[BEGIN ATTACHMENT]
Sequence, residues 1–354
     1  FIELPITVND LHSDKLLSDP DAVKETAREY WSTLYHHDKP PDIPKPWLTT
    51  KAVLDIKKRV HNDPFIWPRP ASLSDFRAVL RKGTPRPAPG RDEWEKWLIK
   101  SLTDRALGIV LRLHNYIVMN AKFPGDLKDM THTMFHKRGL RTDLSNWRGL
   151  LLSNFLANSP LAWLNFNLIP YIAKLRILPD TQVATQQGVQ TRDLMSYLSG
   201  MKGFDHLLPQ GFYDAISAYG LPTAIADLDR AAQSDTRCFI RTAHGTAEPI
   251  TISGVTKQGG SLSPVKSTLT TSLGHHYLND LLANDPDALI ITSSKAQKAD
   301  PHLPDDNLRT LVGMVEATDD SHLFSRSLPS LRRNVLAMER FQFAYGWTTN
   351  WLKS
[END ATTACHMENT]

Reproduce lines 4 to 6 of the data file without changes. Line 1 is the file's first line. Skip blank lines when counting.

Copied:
   101  SLTDRALGIV LRLHNYIVMN AKFPGDLKDM THTMFHKRGL RTDLSNWRGL
   151  LLSNFLANSP LAWLNFNLIP YIAKLRILPD TQVATQQGVQ TRDLMSYLSG
   201  MKGFDHLLPQ GFYDAISAYG LPTAIADLDR AAQSDTRCFI RTAHGTAEPI